Each month I offer my words along with my favorite articles, ideas and models from thought leaders who have helped shape my thinking about career transition and transformation.
If you are not on my distribution list and would like to receive future entries via my monthly electronic newsletter, please email email@example.com and I’ll be happy to include you in my next mailing. I always appreciate suggestions for future content as well!
“There is only one thing for it then – to learn. Learn why the world wags and what wags it. That is the only thing which the mind can never exhaust, never alienate, never be tortured by, never fear or distrust, and never dream of regretting.”
T.H. White, The Once and Future King
This month is part three of a six part series about life and work after age sixty. This series is for those who want to create a thoughtfully crafted future that is best described as a portfolio life.
The five elements of a portfolio life include 1) working in the form you want, 2) learning and self-development, 3) giving back, 4) healthy living, and 5) enjoying personal pursuits and leisure.
In this month’s blog I will be describing the second element of a portfolio life, learning and self-development. Along with offering numerous learning and self-development options after age 60, I will provide a link to a March 15th article from the Minneapolis Star Tribune newspaper about a 67 year old student’s return to the University of Minnesota.
I will also share a friend’s story about the many benefits of participating in the Osher Lifelong Learning Institute (OLLI) program. This month’s blog title “Curiosity Never Retires” comes from that adult learning program.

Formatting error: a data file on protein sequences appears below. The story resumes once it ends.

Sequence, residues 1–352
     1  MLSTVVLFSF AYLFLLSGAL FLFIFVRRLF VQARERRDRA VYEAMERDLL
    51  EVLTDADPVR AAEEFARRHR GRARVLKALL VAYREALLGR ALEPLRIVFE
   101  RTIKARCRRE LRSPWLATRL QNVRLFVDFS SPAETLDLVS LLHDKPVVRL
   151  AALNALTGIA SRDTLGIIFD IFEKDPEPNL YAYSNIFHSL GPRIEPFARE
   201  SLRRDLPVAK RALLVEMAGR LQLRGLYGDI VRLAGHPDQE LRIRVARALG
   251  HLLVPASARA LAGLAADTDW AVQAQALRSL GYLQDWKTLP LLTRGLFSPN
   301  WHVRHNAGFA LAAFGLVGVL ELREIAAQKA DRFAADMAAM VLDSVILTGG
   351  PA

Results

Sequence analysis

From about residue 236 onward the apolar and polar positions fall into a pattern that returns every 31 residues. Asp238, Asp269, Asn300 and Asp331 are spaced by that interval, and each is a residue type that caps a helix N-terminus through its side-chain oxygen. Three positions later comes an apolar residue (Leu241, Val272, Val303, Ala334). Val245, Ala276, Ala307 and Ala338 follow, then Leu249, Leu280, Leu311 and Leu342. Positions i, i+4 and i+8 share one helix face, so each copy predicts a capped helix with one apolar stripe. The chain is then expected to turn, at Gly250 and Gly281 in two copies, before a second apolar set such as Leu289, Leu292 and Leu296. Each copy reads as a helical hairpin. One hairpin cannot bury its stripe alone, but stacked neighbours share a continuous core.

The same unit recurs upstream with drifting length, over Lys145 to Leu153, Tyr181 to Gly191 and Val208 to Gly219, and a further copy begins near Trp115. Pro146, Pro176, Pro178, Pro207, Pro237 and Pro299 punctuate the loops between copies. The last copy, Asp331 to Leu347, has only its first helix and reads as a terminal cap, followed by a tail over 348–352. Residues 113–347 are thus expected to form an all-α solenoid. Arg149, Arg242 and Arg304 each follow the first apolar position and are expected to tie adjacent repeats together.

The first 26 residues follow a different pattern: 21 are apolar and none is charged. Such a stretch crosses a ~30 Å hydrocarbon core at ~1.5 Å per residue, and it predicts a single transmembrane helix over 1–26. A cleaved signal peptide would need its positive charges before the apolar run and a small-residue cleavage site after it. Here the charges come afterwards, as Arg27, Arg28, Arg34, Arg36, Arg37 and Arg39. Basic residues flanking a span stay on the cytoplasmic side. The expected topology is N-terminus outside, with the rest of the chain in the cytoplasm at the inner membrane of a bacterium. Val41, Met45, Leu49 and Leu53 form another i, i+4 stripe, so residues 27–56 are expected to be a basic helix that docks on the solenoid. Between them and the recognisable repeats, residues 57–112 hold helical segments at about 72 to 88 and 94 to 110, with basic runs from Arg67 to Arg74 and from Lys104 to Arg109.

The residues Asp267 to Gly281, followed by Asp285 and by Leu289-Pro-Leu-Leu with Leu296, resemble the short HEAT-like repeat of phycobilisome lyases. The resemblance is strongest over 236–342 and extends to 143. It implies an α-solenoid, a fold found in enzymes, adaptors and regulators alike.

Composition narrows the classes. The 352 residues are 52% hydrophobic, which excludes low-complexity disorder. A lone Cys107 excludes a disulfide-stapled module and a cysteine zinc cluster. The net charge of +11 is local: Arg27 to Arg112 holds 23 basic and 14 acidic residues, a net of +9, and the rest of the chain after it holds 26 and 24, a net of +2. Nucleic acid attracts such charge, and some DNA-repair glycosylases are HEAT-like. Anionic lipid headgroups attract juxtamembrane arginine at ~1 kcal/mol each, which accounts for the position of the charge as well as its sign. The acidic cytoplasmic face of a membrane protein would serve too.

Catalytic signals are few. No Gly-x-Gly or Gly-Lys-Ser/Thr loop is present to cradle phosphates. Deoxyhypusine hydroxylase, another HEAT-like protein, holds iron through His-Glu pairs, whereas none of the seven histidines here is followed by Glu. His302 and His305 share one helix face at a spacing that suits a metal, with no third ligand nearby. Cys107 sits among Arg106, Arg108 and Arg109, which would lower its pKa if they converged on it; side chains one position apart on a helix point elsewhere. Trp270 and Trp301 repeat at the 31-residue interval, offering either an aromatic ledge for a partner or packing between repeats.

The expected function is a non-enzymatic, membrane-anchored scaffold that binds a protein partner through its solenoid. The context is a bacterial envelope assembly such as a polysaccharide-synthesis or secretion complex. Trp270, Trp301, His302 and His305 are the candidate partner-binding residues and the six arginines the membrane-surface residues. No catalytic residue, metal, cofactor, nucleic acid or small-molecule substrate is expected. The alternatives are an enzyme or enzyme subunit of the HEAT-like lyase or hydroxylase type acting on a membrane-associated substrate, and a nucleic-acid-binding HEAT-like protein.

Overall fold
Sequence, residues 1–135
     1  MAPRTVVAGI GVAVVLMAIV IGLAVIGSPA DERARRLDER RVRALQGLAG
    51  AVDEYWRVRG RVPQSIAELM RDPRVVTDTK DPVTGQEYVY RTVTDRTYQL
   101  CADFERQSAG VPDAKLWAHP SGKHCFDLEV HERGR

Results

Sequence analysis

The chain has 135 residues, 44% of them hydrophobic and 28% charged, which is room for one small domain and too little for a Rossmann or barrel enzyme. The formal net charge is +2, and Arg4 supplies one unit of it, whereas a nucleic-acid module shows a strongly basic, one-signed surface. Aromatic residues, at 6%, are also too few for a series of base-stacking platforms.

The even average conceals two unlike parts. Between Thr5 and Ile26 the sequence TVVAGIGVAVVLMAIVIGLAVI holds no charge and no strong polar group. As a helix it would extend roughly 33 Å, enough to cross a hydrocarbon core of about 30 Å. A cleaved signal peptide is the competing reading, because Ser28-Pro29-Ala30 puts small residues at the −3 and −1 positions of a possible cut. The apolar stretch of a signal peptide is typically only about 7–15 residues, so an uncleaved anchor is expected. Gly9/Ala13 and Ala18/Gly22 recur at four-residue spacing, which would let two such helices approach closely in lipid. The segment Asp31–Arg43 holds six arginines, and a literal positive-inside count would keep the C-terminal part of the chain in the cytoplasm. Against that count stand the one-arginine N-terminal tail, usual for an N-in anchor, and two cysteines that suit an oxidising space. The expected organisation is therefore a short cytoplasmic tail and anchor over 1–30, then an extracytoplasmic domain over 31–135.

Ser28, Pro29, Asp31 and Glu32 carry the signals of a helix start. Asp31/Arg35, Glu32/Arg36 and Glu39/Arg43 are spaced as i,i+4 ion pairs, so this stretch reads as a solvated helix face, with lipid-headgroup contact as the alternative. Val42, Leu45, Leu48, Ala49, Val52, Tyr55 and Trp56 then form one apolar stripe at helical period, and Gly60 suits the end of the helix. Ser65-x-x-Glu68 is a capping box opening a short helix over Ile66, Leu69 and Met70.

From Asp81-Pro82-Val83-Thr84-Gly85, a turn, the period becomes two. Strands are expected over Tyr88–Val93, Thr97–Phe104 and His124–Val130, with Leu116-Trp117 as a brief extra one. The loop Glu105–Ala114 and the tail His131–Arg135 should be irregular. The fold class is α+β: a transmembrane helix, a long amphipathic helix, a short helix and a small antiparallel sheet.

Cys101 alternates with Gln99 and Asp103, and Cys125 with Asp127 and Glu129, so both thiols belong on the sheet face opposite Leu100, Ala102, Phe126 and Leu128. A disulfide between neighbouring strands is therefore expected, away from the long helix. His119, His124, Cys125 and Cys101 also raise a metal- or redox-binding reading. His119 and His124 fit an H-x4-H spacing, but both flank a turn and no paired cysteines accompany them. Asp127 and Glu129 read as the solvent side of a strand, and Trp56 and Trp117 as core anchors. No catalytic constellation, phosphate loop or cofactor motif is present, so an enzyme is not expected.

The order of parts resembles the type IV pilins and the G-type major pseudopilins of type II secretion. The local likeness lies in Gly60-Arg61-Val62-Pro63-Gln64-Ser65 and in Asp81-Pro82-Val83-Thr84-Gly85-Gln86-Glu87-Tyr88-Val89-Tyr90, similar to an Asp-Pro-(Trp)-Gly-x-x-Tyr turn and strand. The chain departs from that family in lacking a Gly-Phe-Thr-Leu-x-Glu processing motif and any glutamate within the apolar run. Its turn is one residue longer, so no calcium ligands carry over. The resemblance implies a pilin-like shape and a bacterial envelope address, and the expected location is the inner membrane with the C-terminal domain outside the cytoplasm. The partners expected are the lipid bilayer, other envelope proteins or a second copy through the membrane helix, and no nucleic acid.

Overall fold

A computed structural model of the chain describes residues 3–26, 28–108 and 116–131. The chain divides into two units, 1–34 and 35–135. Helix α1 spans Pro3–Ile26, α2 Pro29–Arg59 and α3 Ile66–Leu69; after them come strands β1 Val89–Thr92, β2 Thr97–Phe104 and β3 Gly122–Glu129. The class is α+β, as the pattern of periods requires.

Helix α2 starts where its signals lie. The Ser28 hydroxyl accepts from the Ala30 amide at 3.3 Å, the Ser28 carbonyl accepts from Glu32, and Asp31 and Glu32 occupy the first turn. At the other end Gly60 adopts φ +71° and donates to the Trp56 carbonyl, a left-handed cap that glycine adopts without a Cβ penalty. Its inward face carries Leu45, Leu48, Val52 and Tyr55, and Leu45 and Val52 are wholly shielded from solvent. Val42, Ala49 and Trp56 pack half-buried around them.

In our 60s, many of the learning and self-development elements of a portfolio life might still have a professional focus. Most of us are familiar with the resources available to help us stay current in our professional life. Staying current and connected in our field is usually a good idea, especially if we hope to stay professionally engaged and employable after age 60.
When the time is right, however, you may prefer to do and learn things altogether different from what has been your professional focus. Consider these programs and resources: universities, the Osher Lifelong Learning Institute (OLLI), online learning, podcasts, CDs, books, TED talks, the One Day University, community education, physical, personal, spiritual and financial education, and development resources.
Don’t forget libraries, and take a look at one of my personal travel + learning favorites, Road Scholar. Google any of the above, and discover what is available in your community, on line, and beyond.
In the Twin Cities consider lifelong learning options at The University of Minnesota and other local colleges, Learning Life at the U of M, and the Selim Center at the University of St. Thomas. Education is often free or deeply discounted for seniors 62 and older when attending college level classes.